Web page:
Site Visits and Making Days

Approximately thirty year three children from each of our four Taunton Schools were out and about exploring local flora with artist and workshop leader Freya Morgan as research for their pop-up meadow.

 Staplegrove at longrun  Staplegrove making day

Staplegrove C of E Primary School and North Town Primary School both really enjoyed their site visit to Longrun Meadow. It was perfect weather and to some of the children a wonderful discovery right on their doorstep. Staplegrove C of E Primary School  met Helen Lawy from Somerset Wildlife trust who helps look after the meadow and she explained about the cycle of life at Longrun; the role of all the different insects and animal species and plant varieties. There were beautiful plants to look out for: yellow flag irises, purple thistles and many types of wildflower and grasses.

Lyngford Park Primary School and Blackbrook Primary School visited local allotments, and met Head Gardener Bob Rawle who explained about maintaining and cultivating plants.

Freya asked the children to spot pollinators; bees, butterflies, beetles and other mini beasts which we then sketched as research for our Making Day. The children studied flowers they liked, noting the shape of leaves, the number of petals and the many different colours.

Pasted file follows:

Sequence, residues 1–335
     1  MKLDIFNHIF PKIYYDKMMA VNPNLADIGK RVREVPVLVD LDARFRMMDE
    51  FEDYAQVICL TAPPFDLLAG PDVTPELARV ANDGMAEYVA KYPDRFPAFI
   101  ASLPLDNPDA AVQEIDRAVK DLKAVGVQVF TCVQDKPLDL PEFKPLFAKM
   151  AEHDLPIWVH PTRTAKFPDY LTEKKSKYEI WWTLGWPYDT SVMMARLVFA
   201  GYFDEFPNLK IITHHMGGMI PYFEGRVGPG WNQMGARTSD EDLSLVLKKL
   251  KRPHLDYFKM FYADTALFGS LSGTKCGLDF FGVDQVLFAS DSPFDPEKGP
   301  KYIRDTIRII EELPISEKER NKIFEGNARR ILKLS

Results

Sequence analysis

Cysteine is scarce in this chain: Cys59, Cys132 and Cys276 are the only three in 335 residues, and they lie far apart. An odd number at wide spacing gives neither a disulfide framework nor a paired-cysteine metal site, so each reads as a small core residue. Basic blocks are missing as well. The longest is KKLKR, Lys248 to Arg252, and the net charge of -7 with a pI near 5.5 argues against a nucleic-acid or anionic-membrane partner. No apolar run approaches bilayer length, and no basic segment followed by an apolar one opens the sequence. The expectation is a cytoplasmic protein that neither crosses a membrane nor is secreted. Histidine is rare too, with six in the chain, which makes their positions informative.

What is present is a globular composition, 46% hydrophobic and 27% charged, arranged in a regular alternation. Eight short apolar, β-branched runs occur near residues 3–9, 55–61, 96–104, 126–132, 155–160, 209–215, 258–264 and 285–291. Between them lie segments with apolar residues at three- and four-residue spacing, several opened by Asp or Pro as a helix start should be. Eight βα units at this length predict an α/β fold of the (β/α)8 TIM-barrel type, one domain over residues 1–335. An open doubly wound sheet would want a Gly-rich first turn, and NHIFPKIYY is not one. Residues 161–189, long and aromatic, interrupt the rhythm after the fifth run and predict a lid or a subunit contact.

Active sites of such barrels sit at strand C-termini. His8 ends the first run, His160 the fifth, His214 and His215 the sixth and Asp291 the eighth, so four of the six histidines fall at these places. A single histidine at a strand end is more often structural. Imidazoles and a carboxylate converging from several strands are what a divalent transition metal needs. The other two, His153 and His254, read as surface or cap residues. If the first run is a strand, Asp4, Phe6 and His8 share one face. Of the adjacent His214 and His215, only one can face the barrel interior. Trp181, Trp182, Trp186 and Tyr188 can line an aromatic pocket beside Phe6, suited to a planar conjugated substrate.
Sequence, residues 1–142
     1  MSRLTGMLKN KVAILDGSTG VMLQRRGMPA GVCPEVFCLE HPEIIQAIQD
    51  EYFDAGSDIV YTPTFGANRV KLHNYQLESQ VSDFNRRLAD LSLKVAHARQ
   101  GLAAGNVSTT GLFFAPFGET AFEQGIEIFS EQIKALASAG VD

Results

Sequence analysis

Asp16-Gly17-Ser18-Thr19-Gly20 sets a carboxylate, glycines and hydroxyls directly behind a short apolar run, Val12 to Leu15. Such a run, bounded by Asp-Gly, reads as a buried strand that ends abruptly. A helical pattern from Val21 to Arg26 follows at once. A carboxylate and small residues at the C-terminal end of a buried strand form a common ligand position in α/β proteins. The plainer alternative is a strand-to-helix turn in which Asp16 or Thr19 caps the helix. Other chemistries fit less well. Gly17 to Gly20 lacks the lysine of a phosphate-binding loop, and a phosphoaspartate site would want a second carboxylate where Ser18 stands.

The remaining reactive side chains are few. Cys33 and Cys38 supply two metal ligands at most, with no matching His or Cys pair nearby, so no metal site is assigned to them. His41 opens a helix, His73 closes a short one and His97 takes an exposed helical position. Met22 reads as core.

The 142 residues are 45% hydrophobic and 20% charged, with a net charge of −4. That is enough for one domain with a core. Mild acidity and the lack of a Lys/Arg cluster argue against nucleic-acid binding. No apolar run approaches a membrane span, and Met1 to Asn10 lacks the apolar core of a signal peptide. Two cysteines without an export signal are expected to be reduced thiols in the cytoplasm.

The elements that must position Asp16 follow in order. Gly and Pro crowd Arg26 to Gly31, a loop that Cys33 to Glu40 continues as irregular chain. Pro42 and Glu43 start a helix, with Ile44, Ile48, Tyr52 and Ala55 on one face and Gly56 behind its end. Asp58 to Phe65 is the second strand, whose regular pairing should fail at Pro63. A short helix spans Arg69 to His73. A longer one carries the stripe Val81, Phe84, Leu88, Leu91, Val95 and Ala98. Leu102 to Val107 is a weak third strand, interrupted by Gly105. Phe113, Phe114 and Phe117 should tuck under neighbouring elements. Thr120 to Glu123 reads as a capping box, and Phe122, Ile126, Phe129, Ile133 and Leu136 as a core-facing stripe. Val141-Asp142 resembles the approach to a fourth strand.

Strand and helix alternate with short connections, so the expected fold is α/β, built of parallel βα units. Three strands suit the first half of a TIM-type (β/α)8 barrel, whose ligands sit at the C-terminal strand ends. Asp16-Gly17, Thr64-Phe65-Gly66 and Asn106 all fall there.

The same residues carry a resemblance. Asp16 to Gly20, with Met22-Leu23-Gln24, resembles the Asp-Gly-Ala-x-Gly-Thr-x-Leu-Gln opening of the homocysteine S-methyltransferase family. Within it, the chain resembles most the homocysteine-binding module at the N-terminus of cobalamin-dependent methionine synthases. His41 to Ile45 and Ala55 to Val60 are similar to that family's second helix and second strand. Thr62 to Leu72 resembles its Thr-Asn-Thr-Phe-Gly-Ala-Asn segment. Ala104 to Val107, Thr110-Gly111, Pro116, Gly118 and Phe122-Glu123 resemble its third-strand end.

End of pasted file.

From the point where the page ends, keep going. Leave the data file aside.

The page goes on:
‘I have learnt what sort of butterfly I’m making and all the animals that the others have been making. If I see them again I will now recognise them.’ Tori

The Making Day was spent in the outside garden room as the weather was fantastic. They then worked in groups of three to create sculptures that collectively will form the Pop-up Meadow. They used willow, reclaimed fabrics, garden netting and string to bend, bind and weave working together to make sure everyone was involved. Various pollinators they created included buff-tailed bumblebees, white-tailed bumblebees, bee-fly, small tortoiseshell, brimstone and common blue butterflies. Some of the flowers they made were poppies, buttercups and cranesbill.

‘The one that I’m doing is a hover fly. I enjoyed the weaving of the fabric most.’ Ellison

In the afternoon they got very messy mixing clay to make seed bombs. The clay forms a casing for earth and seeds which can be kept for a few months ready for when you find a barren area that needs new growth. Then you throw the seed bomb and the clay breaks leaving the seeds ready to grow in their new home.

The Meadow will be ‘popping up’ at the Lyngford Park Craft Day on 6th August 11am-3pm, French Weir Fun Day on 11th August 12noon-4pm and Longrun Meadow Fun Day Sunday 8th September. More dates plus Somerset Art Weeks showcase to be announced soon.

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